U.S. stocks fell Tuesday, a day after the Standard & Poor’s 500 Index closed at a record for the 53rd time this year, as technology and utility companies sank the most in 18 months.
The S&P 500 dropped 0.5 percent to 2,080.35. The Dow Jones Industrial Average lost 55.16 points, or 0.3 percent, to 17,983.07. The Nasdaq 100 Index slid 0.7 percent as Apple Inc. lost 1.2 percent to pace declines among technology shares. Utility shares in the S&P 500 plunged 2.1 percent, the most since June 2013. About 4.7 billion shares changed hands on U.S. exchanges, more than 30 percent below the three-month average.
“We could be seeing a little bit of profit-taking coming into year-end,” said David Lafferty, who helps oversee $894 billion as the chief market strategist for Natixis Global Asset Management in Boston. “Volume will tend to be very light through year-end, and we anticipate it being quiet.”
The S&P 500 has climbed 0.6 percent in December as the world’s largest economy expanded at the fastest pace in more than a decade and the Federal Reserve pledged to be patient on the timing of interest rate increases.
The S&P 500 and Russell 2000 Index closed at all-time highs Monday, while the Dow was near a record after climbing above 18,000 last week for the first time. The Nasdaq Composite Index finished at the highest level since March 2000.
December’s advance has extended the S&P 500’s rally for the year to 13 percent while the Dow has increased 8.5 percent. The Russell 2000 has advanced 4.3 for the year.
The gains for U.S. equities come amid a slump for much of the rest of the world. While the S&P 500 is heading for a third straight annual advance, the MSCI World Index, excluding the U.S., is down 6.2 percent for the year.
Optimism about the economy’s strength helped the S&P 500 fully recover from a 5 percent loss earlier in the month. Equities reached highs last week after government data showed U.S. gross domestic product increased at a 5 percent annual rate from July through September, the fastest pace since 2003. Stocks extended gains from the previous week, when the Federal Reserve pledged patience in raising interest rates.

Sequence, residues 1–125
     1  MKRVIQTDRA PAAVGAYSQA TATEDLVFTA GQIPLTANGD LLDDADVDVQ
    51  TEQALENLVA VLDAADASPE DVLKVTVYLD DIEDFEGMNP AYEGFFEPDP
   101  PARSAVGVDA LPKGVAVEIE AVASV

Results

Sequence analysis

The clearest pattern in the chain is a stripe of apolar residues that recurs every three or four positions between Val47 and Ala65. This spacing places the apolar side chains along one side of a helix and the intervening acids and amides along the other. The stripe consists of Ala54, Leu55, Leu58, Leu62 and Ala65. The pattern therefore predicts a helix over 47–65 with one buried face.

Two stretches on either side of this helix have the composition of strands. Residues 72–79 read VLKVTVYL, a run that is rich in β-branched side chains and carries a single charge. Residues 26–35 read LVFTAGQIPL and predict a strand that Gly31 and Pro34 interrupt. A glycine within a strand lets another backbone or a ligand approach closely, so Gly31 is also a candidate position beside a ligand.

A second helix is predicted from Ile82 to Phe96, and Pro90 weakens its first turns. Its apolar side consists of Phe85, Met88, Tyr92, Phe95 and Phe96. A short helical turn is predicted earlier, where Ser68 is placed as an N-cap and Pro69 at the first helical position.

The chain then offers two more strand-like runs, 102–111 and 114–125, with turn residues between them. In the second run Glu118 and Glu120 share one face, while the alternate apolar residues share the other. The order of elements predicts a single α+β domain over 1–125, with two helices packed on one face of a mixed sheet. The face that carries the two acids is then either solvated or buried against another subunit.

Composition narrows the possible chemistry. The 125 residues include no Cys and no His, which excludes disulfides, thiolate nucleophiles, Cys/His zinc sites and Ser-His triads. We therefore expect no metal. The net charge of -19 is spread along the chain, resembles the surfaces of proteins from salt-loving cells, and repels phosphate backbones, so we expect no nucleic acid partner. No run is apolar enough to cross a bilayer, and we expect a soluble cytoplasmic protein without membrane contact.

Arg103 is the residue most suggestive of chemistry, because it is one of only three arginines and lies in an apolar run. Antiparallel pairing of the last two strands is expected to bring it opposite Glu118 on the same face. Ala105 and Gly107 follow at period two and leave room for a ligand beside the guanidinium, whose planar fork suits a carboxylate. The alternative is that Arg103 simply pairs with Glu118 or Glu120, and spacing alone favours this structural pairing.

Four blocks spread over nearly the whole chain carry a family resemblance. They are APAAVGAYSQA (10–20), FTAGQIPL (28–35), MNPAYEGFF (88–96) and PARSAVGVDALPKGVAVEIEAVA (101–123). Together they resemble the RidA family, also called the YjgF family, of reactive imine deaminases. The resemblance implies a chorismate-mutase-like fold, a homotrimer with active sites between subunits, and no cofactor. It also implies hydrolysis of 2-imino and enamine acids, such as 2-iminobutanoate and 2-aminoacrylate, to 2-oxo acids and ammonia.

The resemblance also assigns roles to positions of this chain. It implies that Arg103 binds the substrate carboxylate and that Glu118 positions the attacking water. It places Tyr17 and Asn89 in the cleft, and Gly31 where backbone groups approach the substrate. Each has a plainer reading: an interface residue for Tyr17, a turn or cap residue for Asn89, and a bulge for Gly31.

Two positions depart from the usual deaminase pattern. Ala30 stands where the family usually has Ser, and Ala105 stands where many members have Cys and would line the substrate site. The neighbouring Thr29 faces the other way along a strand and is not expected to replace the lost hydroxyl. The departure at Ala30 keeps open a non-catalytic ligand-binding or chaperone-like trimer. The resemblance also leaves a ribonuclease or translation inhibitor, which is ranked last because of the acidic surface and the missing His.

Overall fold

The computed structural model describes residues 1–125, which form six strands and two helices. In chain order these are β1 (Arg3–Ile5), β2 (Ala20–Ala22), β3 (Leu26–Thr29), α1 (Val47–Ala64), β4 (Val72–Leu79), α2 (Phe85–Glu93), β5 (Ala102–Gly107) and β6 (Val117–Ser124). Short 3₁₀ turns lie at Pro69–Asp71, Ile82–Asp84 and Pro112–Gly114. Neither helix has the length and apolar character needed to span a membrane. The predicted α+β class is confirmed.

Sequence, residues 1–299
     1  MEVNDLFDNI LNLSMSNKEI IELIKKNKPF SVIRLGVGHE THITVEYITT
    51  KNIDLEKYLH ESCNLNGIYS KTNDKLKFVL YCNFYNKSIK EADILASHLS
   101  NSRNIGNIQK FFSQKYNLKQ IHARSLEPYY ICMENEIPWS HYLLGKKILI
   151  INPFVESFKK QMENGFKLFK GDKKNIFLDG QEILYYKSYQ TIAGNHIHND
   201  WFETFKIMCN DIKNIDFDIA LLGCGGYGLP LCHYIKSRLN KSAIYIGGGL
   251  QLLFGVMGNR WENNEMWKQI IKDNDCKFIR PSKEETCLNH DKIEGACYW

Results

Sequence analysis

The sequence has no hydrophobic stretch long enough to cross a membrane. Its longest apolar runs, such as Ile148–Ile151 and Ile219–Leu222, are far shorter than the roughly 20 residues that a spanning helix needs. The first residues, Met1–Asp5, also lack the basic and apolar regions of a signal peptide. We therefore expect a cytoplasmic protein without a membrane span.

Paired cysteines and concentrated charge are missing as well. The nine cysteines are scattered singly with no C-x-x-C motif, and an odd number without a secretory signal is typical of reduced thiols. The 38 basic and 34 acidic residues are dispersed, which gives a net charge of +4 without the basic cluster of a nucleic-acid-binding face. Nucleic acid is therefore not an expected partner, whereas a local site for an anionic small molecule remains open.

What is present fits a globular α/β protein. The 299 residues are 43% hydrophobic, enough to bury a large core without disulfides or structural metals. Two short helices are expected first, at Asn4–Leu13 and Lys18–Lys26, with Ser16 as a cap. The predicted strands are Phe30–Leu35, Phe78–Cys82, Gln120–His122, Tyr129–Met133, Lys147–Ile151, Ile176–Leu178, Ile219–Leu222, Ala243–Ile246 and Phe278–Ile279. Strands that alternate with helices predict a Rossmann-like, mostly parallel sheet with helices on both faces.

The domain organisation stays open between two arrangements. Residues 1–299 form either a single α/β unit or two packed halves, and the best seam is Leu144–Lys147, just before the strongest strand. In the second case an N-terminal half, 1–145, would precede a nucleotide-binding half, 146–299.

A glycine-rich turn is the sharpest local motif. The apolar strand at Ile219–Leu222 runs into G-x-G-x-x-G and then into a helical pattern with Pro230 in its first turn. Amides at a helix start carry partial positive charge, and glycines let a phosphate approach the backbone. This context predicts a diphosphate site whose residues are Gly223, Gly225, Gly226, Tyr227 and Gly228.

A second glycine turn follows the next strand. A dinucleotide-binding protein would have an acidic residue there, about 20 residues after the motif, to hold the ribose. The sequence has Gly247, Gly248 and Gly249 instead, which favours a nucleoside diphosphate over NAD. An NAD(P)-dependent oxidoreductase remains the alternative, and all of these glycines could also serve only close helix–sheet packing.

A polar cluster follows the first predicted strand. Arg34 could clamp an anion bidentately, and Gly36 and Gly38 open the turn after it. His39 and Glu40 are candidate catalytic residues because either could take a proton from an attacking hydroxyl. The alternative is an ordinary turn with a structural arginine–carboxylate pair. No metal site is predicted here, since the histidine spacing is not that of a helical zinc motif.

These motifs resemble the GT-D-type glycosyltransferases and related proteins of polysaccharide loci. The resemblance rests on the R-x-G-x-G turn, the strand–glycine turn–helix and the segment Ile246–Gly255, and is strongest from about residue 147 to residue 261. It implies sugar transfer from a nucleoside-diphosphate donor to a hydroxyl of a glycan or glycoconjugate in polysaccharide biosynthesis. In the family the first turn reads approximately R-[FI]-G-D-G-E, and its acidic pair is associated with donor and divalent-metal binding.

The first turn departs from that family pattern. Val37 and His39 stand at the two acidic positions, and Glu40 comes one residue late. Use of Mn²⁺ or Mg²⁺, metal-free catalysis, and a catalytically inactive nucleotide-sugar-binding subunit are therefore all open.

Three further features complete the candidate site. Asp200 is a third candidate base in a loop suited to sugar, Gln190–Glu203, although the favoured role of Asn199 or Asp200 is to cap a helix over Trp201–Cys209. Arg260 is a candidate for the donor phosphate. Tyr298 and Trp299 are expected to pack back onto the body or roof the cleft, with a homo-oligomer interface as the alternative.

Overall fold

“The U.S. economy is doing well,” said Herbert Perus, who helps oversee $36 billion as head of equities at Raiffeisen Capital Management in Vienna. “Some stocks seem overpriced, but if you look deeper into the market you find a lot of good managed companies with good products that are still not expensive.”
A report Tuesday showed consumer confidence increased less than estimated this month. The Conference Board’s consumer confidence index increased to 92.6 in December from 91 a month earlier. The median forecast in a Bloomberg survey called for a gain to 93.9. Another report showed home prices in 20 U.S. cities rose at a slower pace in the year ended in October.
“The United States is doing better than anybody else, but we’re still not doing all that well,” former Fed Chairman Alan Greenspan said Tuesday. “We still have a very sluggish economy.”
Greenspan said the economy won’t fully recover until American companies invest more in productive assets and the housing market bounces back.
The rebound in the S&P 500 from a two-month low on Dec. 16 is the latest of recoveries from upheavals that threatened to derail a bull market in its sixth year. The S&P 500’s worst retreat was only 7.4 percent, and the gauge recovered from each of its declines of 4 percent or more within one month.
The S&P 500 hasn’t had a four-day drop in a year. The benchmark gauge has declined for four consecutive trading sessions at least once every year since at least 2000. It also hasn’t had a decline of 10 percent or more over any period since October 2011.
Apple dropped 1.2 percent and Microsoft Corp. slipped 0.9 percent. Red Hat Inc. declined 1.2 percent.
Expedia Inc. lost 2.5 percent after FBR Capital Markets analyst Jake Fuller said consensus expectations for U.S. bookings growth in the high 20 percent range “could be a stretch.”
Southwestern Energy Co., an oil and natural gas producer, slipped 6.8 percent after saying it may sell as much as $2.15 billion of equity. Energy companies have lost 9.3 percent as a group this year for the biggest decline in the S&P 500, as crude prices tumbled into a bear market.